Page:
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SPOKANE, Wash.—For the Harvard men’s basketball team, winning is becoming a habit—but on Thursday, it never looked easy. In a game in which every inbounds pass, every layup, and every free throw had to be earned, the Crimson did just enough to stave off a hard-charging Cincinnati squad, 61-57.
The victory brings Harvard (27-4, 13-1 Ivy) into the third round of the NCAA Tournament against No. 4-seed Michigan State and sets a program record for wins with 27. Combined with last year’s second-round upset of New Mexico, the Crimson also becomes the first Ivy program to win NCAA Tournament games in consecutive years since Princeton in 1983 and 1984.
Despite the difference in seeding between the two teams, the game promised to be close from the outset, with various betting outlets pegging Cincinnati (27-7, 15-3 American Athletic Conference) as a three-point favorite. The teams were evenly matched, though they played with contrasting styles—the Crimson continually cut and crisply moved the ball, while the Bearcats played an aggressive, athletic defensive style.
However, it was some defense of its own—what Harvard coach Tommy Amaker referred to all season as the team’s “calling card”—that ultimately allowed the Crimson to advance.
Cincinnati star guard Sean Kilpatrick led all scorers with 18 points but managed only four shot attempts in the second half. Kilpatrick was hounded throughout the final 20 minutes by junior wing Wesley Saunders and a helping defense that was determined to take away his offense.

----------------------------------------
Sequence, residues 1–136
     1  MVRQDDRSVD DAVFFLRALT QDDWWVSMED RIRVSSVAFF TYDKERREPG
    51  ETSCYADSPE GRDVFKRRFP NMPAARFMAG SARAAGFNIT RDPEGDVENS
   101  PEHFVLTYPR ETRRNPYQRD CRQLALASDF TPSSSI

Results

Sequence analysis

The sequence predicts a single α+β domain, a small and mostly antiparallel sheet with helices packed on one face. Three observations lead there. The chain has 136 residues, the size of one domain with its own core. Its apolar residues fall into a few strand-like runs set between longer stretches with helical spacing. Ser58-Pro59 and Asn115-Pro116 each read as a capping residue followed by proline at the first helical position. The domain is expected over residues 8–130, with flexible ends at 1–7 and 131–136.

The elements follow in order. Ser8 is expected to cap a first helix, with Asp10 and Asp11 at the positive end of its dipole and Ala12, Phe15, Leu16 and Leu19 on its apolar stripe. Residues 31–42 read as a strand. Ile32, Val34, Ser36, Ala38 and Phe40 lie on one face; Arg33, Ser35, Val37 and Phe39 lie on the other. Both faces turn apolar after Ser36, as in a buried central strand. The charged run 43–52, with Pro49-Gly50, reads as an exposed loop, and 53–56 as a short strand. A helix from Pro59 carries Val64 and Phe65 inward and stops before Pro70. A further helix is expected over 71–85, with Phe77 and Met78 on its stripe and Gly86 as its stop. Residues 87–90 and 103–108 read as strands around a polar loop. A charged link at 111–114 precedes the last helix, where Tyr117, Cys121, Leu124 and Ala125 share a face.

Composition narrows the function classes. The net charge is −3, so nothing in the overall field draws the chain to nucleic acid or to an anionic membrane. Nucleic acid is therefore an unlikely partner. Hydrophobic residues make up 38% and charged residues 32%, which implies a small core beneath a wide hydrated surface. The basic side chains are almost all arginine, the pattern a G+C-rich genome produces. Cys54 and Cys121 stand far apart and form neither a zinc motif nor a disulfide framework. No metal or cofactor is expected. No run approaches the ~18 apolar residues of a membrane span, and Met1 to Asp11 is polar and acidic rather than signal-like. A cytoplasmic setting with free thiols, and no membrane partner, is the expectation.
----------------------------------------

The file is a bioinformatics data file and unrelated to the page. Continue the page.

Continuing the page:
Likewise, junior forward Steve Moundou-Missi repeatedly blocked the way of high school teammate Justin Jackson, Cincinnati’s second-leading scorer, allowing him to convert on only five of his 15 attempts, nearly all of which came deep in the paint.
For much of the game, Harvard looked composed against favorite Cincinnati and its swarming, gambling defense. The Crimson absorbed the Bearcats’ pressure and led the whole way after trailing, 6-5, with 17:09 to play in the first half.
But with just over three minutes to play in the contest, that composure threatened to crumble. Two Troy Caupain free throws cut the Harvard lead to one, and on the ensuing possession, Moundou-Missi, bothered by the Cincinnati press, threw the ball away in the backcourt. The Bearcats had a chance to finally grab back the lead.
“I thought we were in business,” Bearcats coach Mick Cronin said.
But, once again, Jackson failed to convert on an attempt at the rim. The Bearcats grabbed another offensive board, but Kevin Johnson came up short on a three-point attempt. On the other end, with the shot clock winding down, Chambers sized up a pull-up jumper at the elbow.
As was the case last year against New Mexico, Chambers had not seen the ball go through the hoop much all afternoon—to that point, he was 1-of-9 from the field. But just like in last season’s upset, Chambers delivered another late dagger of a midrange jumper to give his team some much-needed breathing room.